Coming in after the fires we did had some stock to take of the current situation. The two lots that were close to dry didn’t seem to have any issues, and in fact even 101019SCFB was tasting great. I don’t think the lack of temperature control had as great of an effect on these small under-pitched lots as we expected. Because it as so dry, it was getting very cold at night, and my thinking is that because we had sealed the building from smoke, it kept the temperature very cool, which saved these ferments. The larger core ferments will take more work. Those tanks are more square and therefore more prone to temperature stratification, so there is work to do there. The 091919SCGRAV lot which was fermenting rigorously in totes when I left Saturday (and tasting great) appears to have fermented pretty warm. That tends to happen in those thin walled totes when we can’t get in to mix them daily.
With the new centrifuge coming online we were able to get back into the swing of making a separation pass, then proceeding to barrel down. We did some clarifying on 102219SCFB (the golden/jonathan blend), and it has cleaned up very nicely. Still tons of fresh fruit, but that big mouthfeel and complexity from the soil is already starting to come through. That blend went to totes, as it will be part of Fool’s Gold most likely, and doesn’t have much body to gain in barrels. The 101019MCRIG was separated then put into barrels. It is tasting really great so far. The Rhode Islands from Stuart always seem to have this slightly briney marine air influence, which is just supported perfectly by the fruit. It will begin it’s long 6+ month slumber before being incorporated into the CA Farms Blend for this year. We did a quick rack and return on the earlier Mendocino County blend as well as the Jonathan. Both are tasting real great, and are moving into longer term storage where we will only really access them every couple of months. Really looking forward to seeing the Jonathan come out of barrels and into kegs.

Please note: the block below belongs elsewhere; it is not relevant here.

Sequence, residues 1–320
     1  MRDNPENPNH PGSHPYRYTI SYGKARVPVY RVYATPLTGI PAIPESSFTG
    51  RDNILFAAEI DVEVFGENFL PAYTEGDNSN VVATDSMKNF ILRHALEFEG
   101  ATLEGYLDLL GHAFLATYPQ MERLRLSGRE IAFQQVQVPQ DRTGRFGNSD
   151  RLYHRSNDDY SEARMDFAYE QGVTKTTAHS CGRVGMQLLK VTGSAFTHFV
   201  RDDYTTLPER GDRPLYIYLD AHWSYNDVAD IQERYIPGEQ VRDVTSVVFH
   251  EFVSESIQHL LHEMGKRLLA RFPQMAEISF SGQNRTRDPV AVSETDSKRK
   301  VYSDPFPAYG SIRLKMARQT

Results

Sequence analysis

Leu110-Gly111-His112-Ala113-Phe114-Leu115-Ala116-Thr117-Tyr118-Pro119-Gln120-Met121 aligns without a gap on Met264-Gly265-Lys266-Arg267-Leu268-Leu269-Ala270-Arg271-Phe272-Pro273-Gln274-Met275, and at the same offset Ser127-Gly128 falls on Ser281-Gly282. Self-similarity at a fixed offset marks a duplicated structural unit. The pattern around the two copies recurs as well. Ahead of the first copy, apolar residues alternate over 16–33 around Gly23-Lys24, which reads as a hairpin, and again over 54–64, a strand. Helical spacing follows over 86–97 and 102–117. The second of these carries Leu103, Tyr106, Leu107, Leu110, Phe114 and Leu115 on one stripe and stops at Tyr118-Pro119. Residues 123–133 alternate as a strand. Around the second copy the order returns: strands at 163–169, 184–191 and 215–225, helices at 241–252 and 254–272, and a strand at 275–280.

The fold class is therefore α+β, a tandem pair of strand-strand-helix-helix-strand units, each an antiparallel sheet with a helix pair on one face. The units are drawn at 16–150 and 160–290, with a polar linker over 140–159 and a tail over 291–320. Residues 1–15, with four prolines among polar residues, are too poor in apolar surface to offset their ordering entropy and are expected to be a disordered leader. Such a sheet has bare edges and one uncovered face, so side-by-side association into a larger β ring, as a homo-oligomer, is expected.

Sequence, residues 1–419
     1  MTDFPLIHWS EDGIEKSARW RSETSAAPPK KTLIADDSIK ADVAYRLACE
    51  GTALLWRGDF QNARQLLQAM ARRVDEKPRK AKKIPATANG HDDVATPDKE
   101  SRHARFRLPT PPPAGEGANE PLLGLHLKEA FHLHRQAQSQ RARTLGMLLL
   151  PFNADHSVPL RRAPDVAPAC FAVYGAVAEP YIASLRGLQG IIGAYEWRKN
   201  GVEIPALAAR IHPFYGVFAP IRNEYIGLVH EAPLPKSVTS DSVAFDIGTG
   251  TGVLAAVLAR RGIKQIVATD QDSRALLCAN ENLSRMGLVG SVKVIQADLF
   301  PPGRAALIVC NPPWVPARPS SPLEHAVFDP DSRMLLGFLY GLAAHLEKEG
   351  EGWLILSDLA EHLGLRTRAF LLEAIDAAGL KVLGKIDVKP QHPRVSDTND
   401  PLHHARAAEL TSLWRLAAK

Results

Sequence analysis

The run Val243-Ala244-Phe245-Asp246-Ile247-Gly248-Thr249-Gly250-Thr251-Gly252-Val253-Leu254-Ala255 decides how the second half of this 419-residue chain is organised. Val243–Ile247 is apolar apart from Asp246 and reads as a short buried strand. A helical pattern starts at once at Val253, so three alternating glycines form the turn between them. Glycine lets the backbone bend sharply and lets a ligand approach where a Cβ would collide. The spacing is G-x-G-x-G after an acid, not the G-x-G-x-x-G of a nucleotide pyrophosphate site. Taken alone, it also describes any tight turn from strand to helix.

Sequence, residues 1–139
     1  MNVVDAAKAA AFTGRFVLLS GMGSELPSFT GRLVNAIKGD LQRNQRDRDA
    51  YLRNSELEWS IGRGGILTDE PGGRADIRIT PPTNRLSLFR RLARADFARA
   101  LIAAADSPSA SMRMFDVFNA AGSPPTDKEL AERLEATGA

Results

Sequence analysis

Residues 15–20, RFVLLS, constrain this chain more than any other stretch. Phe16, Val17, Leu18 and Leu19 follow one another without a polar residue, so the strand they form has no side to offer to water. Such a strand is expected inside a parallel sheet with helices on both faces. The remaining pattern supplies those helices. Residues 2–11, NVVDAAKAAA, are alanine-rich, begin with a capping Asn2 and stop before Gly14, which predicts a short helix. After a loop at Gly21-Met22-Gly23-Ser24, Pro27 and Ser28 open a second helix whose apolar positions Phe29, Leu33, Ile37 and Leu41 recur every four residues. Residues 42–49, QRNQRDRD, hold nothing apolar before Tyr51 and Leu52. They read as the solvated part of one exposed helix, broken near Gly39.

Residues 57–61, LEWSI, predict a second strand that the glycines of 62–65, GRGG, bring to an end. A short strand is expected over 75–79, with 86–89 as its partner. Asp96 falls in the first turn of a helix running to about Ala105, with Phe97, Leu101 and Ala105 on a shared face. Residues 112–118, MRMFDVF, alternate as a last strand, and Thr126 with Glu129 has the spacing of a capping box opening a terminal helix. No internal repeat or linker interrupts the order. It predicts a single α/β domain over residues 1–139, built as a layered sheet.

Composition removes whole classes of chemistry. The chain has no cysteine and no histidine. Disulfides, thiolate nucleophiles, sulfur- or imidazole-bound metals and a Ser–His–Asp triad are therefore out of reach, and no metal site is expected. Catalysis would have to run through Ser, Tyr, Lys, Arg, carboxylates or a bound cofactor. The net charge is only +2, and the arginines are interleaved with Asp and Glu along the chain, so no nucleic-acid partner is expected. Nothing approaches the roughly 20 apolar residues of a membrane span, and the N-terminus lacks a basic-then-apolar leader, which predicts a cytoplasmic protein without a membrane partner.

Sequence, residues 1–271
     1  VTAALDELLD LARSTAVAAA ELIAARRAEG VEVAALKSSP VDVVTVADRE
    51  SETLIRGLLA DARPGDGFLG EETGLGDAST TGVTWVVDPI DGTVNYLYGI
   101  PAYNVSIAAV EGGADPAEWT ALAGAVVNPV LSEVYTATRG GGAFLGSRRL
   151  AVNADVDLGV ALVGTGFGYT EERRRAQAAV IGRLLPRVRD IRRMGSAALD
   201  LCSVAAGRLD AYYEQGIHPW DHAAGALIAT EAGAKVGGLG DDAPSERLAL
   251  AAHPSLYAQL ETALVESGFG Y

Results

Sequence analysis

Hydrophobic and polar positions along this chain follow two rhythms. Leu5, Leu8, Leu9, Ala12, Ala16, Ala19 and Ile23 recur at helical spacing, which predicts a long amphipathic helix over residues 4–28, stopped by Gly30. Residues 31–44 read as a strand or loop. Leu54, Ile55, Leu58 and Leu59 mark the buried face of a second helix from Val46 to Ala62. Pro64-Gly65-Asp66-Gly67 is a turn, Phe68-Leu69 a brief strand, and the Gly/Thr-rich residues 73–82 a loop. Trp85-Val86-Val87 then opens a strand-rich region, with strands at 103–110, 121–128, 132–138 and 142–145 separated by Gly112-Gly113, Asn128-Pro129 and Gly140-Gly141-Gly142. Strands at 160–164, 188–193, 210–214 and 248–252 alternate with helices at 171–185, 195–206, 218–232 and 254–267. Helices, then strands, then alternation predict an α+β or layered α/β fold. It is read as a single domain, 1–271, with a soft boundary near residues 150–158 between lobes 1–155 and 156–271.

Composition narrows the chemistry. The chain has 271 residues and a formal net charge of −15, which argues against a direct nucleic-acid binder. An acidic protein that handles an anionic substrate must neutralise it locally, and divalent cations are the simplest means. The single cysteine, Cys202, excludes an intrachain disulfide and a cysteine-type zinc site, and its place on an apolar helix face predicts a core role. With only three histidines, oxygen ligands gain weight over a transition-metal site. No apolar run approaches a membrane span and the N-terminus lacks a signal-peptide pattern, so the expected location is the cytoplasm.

This week we brought in a blend from Ferguson and Mill Station Ranch that was 30% Winesap, 30% Arkansas Black, and 30% Braeburn, and it has great complexity at the juice stage, and will undoubtedly become a great blending element for Elder Tree. Gotta love the Ark Blacks. We were also able to pull 4 bins into a tote for a SV Winesap, and it will be killer. Those Winesaps from Ferguson are incredible!
Harvest is really starting to feel like it’s coming to an end. Elsewhere in the orchards there are still a lot of Golden Delicious and Jonathans available, but I can already feel the Rome Beauties being pushed on us. In terms of capacity and budget we’re just about where we’ll need to be after we take all of the Arkansas Blacks from Meyers in the next few weeks. Mikey tells me he’s getting calls from cider makers all over the county for them, and feels bad about not sharing. I don’t care much to share them though, they are in important apple to our Harvest program, and we will plan to pretty much take all we can get from them.